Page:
In a work environment, we are often less willing to lose or be seen to be making mistakes as it can make us look weak or vulnerable.  However, when we can combine learning with the mindset of playing a game, we can explore and practice new ideas and methods more freely.  This openness to play, try and explore will, in turn, be the key factor in mastering those skills and turns our perceived vulnerability into perceived strength.

The Growth Mindset developed by Carol Dweck is that adopted by individuals who believe their talents can be developed.  She distinguishes it from a Fixed Mindset adopted by those who believe their talents are innate gifts.  If you don’t have the gift or you think someone else is more gifted, you are likely to quickly convince yourself to give up or not to try.  Those with a growth mindset worry less about looking clever and they put more energy into learning.  When combining the idea of playing games in learning and development with a Growth Mindset, the capacity to learn something new and work in an environment that requires change and/or innovation can grow exponentially.   

Changing the rules at work
Once we have accepted the concept of Play, we open the opportunity to create and work through change much more easily and effectively than is often experienced.

Modern workplaces are built upon tens and even hundreds of rules.  Not only do we work with grievance and disciplinary processes, data protection and other legal requirements which require compliance on various levels.  We also, both knowingly and unknowingly, enter into explicit and implicit contracts between each other as employees, colleagues and co-workers.  Within the maze of the implicit contracts are behaviours and actions that may or may not be agreed and are often assumed.  It is these non-verbal and non-agreed or implicit contracts that can often be the undoing of many workplaces.

Training in and of itself offers an opportunity to clarify, re-define, challenge and change the rules.  It provides an opportunity to consider what explicit and implicit rules we have in place and, crucially, whether they are useful.  It also provides an opportunity to openly say:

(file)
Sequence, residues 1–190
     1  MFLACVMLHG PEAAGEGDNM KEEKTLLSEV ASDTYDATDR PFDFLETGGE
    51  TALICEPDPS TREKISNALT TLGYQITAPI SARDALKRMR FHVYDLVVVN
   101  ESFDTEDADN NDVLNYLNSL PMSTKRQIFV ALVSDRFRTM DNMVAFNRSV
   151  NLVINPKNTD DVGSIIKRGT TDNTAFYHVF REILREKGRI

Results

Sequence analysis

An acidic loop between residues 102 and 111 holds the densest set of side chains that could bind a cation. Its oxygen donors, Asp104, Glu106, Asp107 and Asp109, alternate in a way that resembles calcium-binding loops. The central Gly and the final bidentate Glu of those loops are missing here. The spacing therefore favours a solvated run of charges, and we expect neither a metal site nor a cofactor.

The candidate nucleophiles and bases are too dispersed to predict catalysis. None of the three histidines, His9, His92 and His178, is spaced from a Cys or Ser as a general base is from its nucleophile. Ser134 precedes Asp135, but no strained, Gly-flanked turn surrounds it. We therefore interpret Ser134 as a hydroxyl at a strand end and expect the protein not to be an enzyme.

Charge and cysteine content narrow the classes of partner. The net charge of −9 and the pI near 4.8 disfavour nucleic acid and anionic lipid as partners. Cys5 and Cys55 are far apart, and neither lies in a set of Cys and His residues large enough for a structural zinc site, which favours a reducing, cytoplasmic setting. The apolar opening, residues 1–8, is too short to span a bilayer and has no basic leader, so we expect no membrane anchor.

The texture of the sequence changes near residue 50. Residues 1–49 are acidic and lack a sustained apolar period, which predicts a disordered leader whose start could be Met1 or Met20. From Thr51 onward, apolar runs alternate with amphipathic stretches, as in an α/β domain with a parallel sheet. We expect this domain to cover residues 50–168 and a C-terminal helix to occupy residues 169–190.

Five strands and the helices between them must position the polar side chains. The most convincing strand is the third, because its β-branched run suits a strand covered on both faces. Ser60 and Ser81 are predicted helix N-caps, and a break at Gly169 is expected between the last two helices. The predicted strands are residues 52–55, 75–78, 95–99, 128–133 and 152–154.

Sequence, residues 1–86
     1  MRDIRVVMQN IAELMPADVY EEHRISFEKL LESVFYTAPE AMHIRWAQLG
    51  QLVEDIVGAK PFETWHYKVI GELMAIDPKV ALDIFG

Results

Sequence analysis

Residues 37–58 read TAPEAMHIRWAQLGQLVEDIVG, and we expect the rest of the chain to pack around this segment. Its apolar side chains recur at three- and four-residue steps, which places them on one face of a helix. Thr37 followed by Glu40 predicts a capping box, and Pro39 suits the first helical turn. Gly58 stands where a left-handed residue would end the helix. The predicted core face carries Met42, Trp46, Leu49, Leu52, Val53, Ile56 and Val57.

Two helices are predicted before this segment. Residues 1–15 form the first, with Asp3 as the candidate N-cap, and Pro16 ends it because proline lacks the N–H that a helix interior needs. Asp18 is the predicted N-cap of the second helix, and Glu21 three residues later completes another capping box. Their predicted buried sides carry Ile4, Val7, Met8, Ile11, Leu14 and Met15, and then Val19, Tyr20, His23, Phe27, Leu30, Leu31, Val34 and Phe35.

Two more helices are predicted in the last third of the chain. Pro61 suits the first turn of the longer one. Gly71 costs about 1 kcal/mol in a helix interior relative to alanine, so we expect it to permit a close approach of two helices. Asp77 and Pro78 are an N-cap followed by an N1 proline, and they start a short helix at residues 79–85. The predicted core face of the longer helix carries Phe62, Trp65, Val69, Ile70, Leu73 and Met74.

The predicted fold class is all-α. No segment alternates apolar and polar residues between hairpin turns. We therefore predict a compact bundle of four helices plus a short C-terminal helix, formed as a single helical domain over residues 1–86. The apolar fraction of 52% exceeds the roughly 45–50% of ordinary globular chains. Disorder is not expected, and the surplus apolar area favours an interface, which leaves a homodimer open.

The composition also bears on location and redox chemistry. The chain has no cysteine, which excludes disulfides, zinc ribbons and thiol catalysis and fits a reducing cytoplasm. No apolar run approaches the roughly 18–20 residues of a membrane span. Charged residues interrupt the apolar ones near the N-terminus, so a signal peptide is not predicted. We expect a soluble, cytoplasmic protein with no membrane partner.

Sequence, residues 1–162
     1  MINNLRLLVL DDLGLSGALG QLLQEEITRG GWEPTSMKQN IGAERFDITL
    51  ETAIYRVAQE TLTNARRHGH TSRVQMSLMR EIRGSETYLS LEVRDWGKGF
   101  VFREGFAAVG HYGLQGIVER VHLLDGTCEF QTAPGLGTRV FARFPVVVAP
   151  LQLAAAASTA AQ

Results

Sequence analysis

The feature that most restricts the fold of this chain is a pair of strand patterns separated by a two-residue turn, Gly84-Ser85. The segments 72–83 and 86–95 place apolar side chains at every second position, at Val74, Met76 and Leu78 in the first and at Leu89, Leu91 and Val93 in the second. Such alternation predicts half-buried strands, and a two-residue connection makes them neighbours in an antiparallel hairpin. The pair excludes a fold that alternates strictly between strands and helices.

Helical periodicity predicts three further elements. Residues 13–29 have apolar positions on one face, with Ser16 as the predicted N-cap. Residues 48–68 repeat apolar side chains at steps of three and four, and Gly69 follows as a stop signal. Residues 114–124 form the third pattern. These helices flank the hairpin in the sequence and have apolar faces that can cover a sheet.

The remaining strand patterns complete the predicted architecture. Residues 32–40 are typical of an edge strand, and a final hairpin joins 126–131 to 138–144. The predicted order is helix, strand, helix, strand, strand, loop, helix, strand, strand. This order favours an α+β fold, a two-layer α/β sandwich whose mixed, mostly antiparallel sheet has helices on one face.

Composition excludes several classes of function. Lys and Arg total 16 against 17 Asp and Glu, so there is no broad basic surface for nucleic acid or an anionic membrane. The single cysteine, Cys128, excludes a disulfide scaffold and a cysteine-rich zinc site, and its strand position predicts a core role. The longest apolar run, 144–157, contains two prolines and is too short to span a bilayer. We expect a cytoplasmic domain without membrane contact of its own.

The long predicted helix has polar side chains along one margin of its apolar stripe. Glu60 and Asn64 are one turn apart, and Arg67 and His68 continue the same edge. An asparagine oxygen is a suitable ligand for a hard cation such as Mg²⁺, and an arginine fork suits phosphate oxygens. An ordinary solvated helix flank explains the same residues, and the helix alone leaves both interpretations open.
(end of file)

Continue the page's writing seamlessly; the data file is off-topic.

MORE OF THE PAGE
>“We used to do things like this, we are planning to do them differently,

>Here is how we see things working

>What do you think?”. 

By doing this, we work through the misunderstandings and have an opportunity to shine a light on dysfunctional thinking, behaviour or practices.  These often are things that served a purpose in the past but are no longer useful, relevant or healthy.  The lightness of touch that games provide means that there is no need to blame or resent the implementation of old rules and also allow room for new ones.

Which games to play
Understanding audience drivers as well as the outputs required is obviously key to the type of games that are chosen.  The most important element is that players want to engage in the game.  This requires the game to play to the learners’ motivations as well as the learning objectives.  Varying the methods used can help engage audiences with slightly different drivers.  Introducing Progress Mechanics (points/badges/leaderboards) can work with a competitive group but encourages the win/lose or right/wrong linear dynamic.  Player control, particularly in a group training can encourage engagement with and ownership of new methods by putting the player at the centre of the game.  Opportunities for collaborative problem solving can build shared experience and the learning community.  Equally, scaffolded learning with increasing challenges encourages ongoing learning and feeds the aspiration to progress.

The possibilities created by games
The opportunities for learning and development and research available particularly in the field of neuroscience makes the potential to create impactful learning limitless.  Using this knowledge, gamification of training can engage the learner both in the training materials but also the development of those materials and concepts.  This increases the relevance of learning and development provided and enables it to be extremely dynamic.  It also creates ownership of concepts and practices learnt by the learner in quite a fundamental way.  This has an enormous potential impact on developing creativity, engagement and resilience in organisations.  However, it is rooted in long standing truths best summarised by Benjamin Franklin

“Tell me and I forget, Teach me and I remember, Involve me and I learn.”

Louisa Weinstein –
Author of The 7 Principles of Conflict Resolution & Mediator & Trainer at The Conflict Resolution Centre